In the heyday of character, from the mid-19th to the mid-20th century, the success of professionals such as doctors, lawyers and accountants depended a good deal on their individual reputations for probity and skill. They worked on their own or in small practices where character and reputation were closely tied to respectability in a face-to-face world. People wanted to know that their doctor, lawyer or accountant was of sound character and could be trusted. Today, many professionals work in large institutions where their individual characters are all but invisible, absorbed into the reputation of the firm. It is the firm that people trust or not, not the individual professional, and firms started to develop various processes to regulate and guarantee the behaviour of the professionals who worked for them.
Hannah Forsyth, from the Australian Catholic University, has written about the history of white professional work and its relationship with virtue. Over the past 50 years or so, she argues, professions have experienced a “moral deskilling”, as professional virtue shifted from inhering in individuals, as their personal character, to a system of standards and regulations for the management of quality, risk and ethics. This regulation became the task of managers, a growing breed of professionals whose skills were seen as generic, able to be applied across a range of settings by people who did not share the knowledge or the values of the people they managed. Academics, doctors in large hospitals, teachers, social workers, all became subject to reporting regimes in a burgeoning audit culture where there is less and less space for the exercise of professional judgement. It has made much professional work less personally rewarding than it once was. Just ask anyone who teaches in a university. But that is another story.
To return to PwC. The second big story arising from this scandal is about the hollowing out of the federal public service, as core work in policy development has been outsourced to big consultancy firms. In the 2021–22 financial year, five firms gained $2 billion from consultancy work. Helen Dickinson from UNSW Sydney estimates that the value of consultancy work for the Australian public service undertaken by the “big four” firms increased by 400 per cent between 2012 and 2022. The public service has lost relevant skills and expertise, and the public has lost transparency as a whole bunch of public functions are pulled from public view. For example, unlike public servants, consultants are not part of the executive branch of government and so cannot be called before Senate estimates.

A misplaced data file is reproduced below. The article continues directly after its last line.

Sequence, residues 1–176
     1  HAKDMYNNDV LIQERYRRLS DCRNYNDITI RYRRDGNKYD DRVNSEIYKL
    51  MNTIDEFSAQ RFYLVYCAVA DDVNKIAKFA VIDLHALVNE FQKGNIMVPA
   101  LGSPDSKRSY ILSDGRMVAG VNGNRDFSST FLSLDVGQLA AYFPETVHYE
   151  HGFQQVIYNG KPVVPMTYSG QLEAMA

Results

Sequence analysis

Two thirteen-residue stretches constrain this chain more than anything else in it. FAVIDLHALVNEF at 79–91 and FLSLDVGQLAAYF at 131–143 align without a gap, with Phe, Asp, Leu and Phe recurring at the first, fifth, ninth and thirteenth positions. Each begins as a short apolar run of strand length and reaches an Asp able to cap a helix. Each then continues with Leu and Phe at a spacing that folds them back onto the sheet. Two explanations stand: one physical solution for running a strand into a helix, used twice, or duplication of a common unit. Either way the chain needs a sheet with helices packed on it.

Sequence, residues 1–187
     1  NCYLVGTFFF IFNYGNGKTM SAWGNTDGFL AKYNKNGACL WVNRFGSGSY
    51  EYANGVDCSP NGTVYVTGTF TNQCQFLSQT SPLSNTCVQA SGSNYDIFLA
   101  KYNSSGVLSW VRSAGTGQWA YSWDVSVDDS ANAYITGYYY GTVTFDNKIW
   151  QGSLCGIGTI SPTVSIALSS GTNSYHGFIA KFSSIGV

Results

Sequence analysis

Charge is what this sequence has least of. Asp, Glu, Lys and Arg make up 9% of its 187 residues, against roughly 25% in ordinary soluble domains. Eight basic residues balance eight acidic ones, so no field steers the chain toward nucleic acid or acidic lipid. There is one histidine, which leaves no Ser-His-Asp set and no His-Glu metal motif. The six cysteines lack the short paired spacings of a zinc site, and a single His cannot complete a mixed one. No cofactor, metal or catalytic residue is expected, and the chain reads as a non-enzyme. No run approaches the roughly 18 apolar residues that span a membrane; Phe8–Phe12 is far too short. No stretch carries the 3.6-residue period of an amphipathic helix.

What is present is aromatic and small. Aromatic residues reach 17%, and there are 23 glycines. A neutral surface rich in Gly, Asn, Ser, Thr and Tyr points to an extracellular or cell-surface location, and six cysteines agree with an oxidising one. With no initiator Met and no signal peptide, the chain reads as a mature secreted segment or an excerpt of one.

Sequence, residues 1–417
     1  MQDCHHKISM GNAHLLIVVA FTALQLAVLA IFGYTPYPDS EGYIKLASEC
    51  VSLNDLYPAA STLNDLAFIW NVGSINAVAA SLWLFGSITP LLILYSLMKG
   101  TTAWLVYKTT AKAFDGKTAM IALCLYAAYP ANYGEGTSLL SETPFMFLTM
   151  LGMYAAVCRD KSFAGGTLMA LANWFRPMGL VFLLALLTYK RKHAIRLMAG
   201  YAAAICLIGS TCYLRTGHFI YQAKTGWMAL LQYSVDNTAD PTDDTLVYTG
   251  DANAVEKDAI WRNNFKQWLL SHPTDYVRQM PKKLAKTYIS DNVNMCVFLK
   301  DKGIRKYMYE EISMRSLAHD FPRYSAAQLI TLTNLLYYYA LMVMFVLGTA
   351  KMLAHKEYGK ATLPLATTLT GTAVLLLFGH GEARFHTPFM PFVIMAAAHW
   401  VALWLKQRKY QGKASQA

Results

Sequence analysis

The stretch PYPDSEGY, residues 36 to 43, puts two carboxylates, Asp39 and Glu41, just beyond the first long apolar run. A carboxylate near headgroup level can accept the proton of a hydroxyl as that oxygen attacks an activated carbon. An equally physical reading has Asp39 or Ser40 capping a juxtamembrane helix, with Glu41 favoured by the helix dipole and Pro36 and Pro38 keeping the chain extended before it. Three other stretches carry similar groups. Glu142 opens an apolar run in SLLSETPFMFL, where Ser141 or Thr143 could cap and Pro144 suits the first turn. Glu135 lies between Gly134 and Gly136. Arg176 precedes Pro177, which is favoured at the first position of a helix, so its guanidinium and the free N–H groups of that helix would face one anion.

The reliance on consultants and other external providers has its origins in neoliberalism’s shifting of resources from the public to the private sector. It was part of a worldwide trend, and in Australia was most vigorously pursued by Coalition governments with their reflex suspicion of public servants. While external advice to government can be useful, the downsides of the practice are many as the public service loses and fails to replenish skill and institutional memory. Earlier this year, two British political economists, Rosie Collington and Mariana Mazzucato, published a book titled The Big Con: How the Consulting Industry Weakens our Businesses, Infantilizes our Governments and Warps our Economies. Consultancies, they argue, have hollowed out state capacity: “The more governments and businesses outsource, the less they know how to do”. Labor is now committed to winding back the federal government’s reliance on consultants and has promised that more jobs will be filled by public servants.